Sunday, May 6, 2012

Immigration paves Australia's way to becoming an Asian colony

In an article entitled "Immigration Paves Our Way", Australian Federal Immigration Minister Chris Bowen writes:
Something big happened in the history of immigration last year. It didn’t get any headlines. It had nothing to do with boats or asylum seekers. It wasn’t debated in Parliament. But it is probably the most important development in immigration in years. 
Last year, for the first time in the history of Australia, the United Kingdom was not our largest source of permanent migrants. For the first time ever, more people moved to Australia from China than any other country.
Bowen goes on to laud this historic shift in immigration patterns as vital to ensuring "Australia's role in the Asian Century". He also repeats the usual discredited rot about mass immigration being not only economically beneficial but essential (it is neither).

Bowen's article should have been entitled "Immigration paves our way into becoming an Asian colony," for he appears to be to essentially giving the populations of Asian countries the green-light to colonise Australia in the hope that it will lead to increased trade opportunities.

Bowen notes that China has replaced Britain - the nation that seeded modern Australia - as the number one source of new immigrants without any real public debate about this profound change in immigration source countries. Unwittingly, Bowen has conceded that our immigration policy is not subject to the democratic process. This shift in immigration will fundamentally alter the ethno-cultural makeup of Australia and indubitably effect every aspect of Australian national life. Yet the existing Australian people have been given no opportunity to debate whether or not these changes should occur.

If current immigration trends continue, we can assume that the end result will be an Asian-dominated Australia. Australia's founding Anglo-Celtic population will become a minority in this country. Surely it behooves all Australians to consider carefully the profound consequences to our society of such a radical change in the ethno-cultural makeup of our population. We need to consider the wider societal and cultural implications of immigration beyond its trivial economic aspects. After all, Australia is more than just an economy.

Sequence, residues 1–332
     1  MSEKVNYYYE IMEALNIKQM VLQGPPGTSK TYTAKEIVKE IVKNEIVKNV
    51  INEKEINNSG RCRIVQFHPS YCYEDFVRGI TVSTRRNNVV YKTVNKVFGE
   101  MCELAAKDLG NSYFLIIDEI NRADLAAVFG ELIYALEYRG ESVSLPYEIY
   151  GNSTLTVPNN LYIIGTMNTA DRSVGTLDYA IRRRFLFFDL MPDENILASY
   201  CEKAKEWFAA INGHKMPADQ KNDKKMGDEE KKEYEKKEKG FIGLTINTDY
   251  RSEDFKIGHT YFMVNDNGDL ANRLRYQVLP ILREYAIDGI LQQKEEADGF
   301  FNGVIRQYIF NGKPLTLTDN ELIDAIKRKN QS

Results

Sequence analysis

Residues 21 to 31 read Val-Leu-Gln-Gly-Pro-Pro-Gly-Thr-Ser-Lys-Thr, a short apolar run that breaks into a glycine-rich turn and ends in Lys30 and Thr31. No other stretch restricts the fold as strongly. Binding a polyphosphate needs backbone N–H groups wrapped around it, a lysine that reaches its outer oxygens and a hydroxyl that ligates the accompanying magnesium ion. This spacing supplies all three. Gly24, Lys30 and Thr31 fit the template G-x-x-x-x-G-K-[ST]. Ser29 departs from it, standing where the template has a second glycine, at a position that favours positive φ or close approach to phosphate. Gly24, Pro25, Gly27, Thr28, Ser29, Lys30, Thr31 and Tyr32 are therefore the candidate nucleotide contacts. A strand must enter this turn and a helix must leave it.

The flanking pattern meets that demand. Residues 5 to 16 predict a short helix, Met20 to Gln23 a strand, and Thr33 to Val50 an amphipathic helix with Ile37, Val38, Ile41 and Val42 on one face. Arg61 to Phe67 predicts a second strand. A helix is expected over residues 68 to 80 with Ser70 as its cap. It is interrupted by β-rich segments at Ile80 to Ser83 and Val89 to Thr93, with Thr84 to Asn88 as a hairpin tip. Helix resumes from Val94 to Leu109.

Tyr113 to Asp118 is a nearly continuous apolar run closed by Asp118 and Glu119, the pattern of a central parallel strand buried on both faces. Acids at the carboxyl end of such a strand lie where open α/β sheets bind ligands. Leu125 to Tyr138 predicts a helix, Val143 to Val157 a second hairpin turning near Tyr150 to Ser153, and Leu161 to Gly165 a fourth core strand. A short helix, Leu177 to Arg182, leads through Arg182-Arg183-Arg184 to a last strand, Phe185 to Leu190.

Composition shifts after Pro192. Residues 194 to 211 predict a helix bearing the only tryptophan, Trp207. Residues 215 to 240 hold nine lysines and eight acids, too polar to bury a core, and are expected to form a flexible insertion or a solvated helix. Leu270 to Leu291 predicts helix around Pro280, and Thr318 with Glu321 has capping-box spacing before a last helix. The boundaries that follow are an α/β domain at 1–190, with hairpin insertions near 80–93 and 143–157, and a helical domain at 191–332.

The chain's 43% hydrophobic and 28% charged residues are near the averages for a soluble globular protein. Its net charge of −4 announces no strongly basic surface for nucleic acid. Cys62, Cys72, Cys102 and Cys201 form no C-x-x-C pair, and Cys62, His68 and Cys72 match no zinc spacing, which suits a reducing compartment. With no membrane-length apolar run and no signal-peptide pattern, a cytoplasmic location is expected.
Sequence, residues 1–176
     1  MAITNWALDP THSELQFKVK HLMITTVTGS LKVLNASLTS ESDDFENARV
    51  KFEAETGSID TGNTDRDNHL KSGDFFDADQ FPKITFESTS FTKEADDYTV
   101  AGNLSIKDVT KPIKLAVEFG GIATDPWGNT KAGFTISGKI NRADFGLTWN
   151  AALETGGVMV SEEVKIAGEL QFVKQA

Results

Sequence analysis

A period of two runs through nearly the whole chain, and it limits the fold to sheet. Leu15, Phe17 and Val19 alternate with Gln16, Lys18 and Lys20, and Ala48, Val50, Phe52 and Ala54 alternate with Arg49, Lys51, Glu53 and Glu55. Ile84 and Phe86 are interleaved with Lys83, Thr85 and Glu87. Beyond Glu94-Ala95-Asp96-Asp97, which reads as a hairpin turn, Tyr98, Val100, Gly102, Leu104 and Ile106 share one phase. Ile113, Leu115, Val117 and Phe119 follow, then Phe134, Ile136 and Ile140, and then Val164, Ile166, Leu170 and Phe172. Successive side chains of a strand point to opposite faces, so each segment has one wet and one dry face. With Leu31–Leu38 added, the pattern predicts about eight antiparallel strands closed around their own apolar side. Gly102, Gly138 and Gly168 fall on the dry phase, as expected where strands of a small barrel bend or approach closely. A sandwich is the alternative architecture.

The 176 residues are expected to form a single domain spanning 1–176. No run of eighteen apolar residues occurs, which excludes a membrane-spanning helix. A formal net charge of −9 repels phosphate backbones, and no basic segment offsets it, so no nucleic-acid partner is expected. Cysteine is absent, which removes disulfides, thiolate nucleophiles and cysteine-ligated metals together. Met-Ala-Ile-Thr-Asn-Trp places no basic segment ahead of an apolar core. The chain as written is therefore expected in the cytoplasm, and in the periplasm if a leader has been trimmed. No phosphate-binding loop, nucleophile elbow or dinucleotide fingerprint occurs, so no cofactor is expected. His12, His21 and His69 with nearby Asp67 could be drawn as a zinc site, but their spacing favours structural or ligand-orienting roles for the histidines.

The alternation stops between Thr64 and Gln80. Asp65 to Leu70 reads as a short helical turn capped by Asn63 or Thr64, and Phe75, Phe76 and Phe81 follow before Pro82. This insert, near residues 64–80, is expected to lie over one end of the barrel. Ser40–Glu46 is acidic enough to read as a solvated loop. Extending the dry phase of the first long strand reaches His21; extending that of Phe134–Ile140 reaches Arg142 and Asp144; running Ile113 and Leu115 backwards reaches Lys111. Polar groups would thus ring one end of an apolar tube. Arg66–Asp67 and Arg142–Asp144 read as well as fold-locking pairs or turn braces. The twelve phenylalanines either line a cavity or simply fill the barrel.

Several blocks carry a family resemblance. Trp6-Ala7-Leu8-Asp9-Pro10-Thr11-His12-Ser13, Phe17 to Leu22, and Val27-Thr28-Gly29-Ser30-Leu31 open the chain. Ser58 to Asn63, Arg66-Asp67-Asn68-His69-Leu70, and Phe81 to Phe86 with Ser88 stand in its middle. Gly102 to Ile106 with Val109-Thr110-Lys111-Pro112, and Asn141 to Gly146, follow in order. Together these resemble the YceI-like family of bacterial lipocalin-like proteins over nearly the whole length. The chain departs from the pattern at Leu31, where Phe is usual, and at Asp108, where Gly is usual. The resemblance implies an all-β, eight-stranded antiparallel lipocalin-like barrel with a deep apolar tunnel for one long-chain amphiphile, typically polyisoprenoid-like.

1. This is not going to be the Asian century. China is facing a demographic winter worse than that facing Europe. The resulting Chinese economic collapse will make the current EU crisis look like a walk in the park.

  2. The reason why this development didn’t grab any headlines or be debated in Parliament was because the cosmopolitan liberal √©lites knew that, getting wind of this, there would be a major backlash in public opinion. They’ve learnt Paul Keating’s lesson well, that mass immigration doesn’t sell. Chris Bowen is a genial, good-natured bloke who unwittingly got taken in by the left’s ideals at university (the old Cold War terminology would refer to him as a “useful idiot”) and doesn’t realise that average Joe Citizen in the pub doesn’t share the enthusiasm of him and his ilk for radical demographic shifts to turn Australia into a multicultural paradise.

  3. May I just add that I'm a very liberal person in all senses, but have never been able to cope with the eventual demographic shift.

    It's not that I necessarily take a dislike in certain groups of people. It is that with the population of Asia, Australia can easily be overwhelmed, many times over in fact. It's that Australia might become something very much different from what it is today, and then some of us might just end up losing that sense of social cohesion.

    I understand why the debate on this issue is rather muted. Because it can easily make Asian Australians feel less Australian and unwanted. It indeed is hard to make this surgical distinction between being out-right racist or simply being too afraid of radical change in a society.